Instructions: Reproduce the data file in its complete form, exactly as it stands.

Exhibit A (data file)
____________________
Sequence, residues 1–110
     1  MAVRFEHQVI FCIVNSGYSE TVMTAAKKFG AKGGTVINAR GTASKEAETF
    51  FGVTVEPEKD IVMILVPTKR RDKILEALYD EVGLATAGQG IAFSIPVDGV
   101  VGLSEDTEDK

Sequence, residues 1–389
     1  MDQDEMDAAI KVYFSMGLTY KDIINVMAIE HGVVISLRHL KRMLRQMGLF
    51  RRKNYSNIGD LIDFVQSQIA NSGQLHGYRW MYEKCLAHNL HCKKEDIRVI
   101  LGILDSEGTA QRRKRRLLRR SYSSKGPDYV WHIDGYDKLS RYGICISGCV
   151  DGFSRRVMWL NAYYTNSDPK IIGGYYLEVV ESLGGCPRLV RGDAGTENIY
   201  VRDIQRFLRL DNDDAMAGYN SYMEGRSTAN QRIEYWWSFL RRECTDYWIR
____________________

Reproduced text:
Sequence, residues 1–110
     1  MAVRFEHQVI FCIVNSGYSE TVMTAAKKFG AKGGTVINAR GTASKEAETF
    51  FGVTVEPEKD IVMILVPTKR RDKILEALYD EVGLATAGQG IAFSIPVDGV
   101  VGLSEDTEDK

Sequence, residues 1–389
     1  MDQDEMDAAI KVYFSMGLTY KDIINVMAIE HGVVISLRHL KRMLRQMGLF
    51  RRKNYSNIGD LIDFVQSQIA NSGQLHGYRW MYEKCLAHNL HCKKEDIRVI
   101  LGILDSEGTA QRRKRRLLRR SYSSKGPDYV WHIDGYDKLS RYGICISGCV
   151  DGFSRRVMWL NAYYTNSDPK IIGGYYLEVV ESLGGCPRLV RGDAGTENIY
   201  VRDIQRFLRL DNDDAMAGYN SYMEGRSTAN QRIEYWWSFL RRECTDYWIR